overnight, ex-japan, we saw the market stabilizing a little bit, coming back from session lows. the japanese market continuing to be sold lower, though, and again, people looking very closely at what's taking place with china, with regards to the potential credit crunch emerging out of china, and of course, also, the fed speak that's going to be emerging more throughout the week. we've already heard the fed's fisher attacking the feral hogs of the market, saying that the federal reserve is doing exactly what they should be doing, but net-net, we're seeing positivity coming out of our european markets here today. now it may just all be about what's taking place in the fixed income markets. a lot of people saying just watch and see what's taking place with regards to the yield on the ten-year treasury. we're seeing now our main european equity markets trading higher, somewhere in the region of 1.5% or so, but the yield on the ten-year treasury coming back down a little bit. and we saw the ten-year treasury spiking higher. i saw print of above 2.7% here what, two days ago or so? we're back down to 2.5%.
there has to be a normalization process taking place, too, if the fed is pulling away from quantitative easing, and that discussion continues quite aggressively at the moment. let's get back out to paris, where karen joins us once again. karen? >> reporter: thanks very much, louisa. let's continue the discussion about bonds, because i'm here at the iaf spring membership meeting. they hit the headlines when they negotiated that greek bailout and the haircut that private sector creditors would take. the conversation has very much moved along to what central bank policy will do, and implications for bond markets and investing globally. here to talk about this is dr. richard clarida, executive vice president and strategic adviser at pimco but also a former treasury official. nice to see you at the conference today. let's talk about the fed because this is the market with bond yields soaring across the charts. what does this mean in terms of investing in your book? >> what it means is that right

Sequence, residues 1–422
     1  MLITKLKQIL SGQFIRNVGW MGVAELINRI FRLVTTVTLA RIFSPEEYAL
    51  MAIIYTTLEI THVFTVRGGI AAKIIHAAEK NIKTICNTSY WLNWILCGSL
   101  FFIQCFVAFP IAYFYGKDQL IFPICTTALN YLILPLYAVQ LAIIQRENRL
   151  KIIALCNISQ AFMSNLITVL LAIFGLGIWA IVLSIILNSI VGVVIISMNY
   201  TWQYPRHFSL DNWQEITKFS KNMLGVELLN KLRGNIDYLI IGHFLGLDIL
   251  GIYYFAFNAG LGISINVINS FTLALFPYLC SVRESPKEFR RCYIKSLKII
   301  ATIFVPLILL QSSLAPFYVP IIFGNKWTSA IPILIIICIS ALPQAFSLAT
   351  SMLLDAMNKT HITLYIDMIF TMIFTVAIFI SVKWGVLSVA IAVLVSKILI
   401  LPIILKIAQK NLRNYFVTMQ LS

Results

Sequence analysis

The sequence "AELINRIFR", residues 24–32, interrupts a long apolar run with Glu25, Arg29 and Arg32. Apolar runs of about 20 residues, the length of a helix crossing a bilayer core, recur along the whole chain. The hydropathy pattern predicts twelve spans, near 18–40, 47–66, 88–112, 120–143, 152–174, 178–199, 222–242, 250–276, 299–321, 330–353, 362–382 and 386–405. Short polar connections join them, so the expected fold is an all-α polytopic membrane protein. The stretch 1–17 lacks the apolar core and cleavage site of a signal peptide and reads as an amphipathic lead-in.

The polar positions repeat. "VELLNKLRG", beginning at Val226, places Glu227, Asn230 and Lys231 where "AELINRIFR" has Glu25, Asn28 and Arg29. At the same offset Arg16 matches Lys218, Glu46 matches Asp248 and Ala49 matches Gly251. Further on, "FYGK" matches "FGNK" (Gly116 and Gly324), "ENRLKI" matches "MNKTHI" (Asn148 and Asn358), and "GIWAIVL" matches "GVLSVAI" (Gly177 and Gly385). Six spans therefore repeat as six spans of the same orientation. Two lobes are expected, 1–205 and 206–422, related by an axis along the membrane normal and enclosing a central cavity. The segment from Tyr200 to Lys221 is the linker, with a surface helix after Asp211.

now, bond markets, stock markets, all markets are recalibra recalibrating. we got a lot of move out of the fed. the fed is going to act preemptively and begin to taper based on an expectation of robust growth, and i think the markets have been expecting the fed to wait until it saw that growth before it tapered. and so, you're having very sloppy trading, liquidity is very scarce and prices are obviously adjusting that will provide opportunities eventually, but right now, we're still in sorting through the new information. >> reporter: what you highlighted to us is somewhat of an overreaction then on markets. what gets us back to a level of stability? how will the calm trourn markets? >> well, it's not clear to me that calm can return so long as the fed pursues this form of communication. several years ago, they gave us what was called calendar date guidance. had he said we're not going to do anything for two years. now they're basically turning everybody into the market into a forecaster. what's the unemployment rate going to be? what's inflation going to be? so, there will somebody level of volatility, probably less than today, but for some time to come. >> reporter: if you look at what
this means across bond markets, the u.s. ten-year treasury yield has shot past the 2.5% mark. will the fed be able to taper if bond yields remain so elevated? >> well, i think we will find out. my sense, based upon what i saw last week at the chairman's press conference, is they expect and intend. they're leaving themselves the optionality. in fact, they even say they could increase the program. but clearly, the center of gravity on the committee is to taper, and certainly, i think that that is what they think they will be doing. >> reporter: interestingly, in the backdrop, chinese officials, too, have been tweaking policy, and there's been much concern about a credit crunch playing out in the mainland. how is this impacting the way you're allocating assets and your strategy at pimco some. >> well, absolutely. in our three to five-year outlook, we've been expecting for some time qulin to slow. obviously, over the next year, if the credit crunch continues, you could be looking at very slow growth in china, 5% or 6%, instead of 7%. so, china is undergoing a transition. they're going to move away from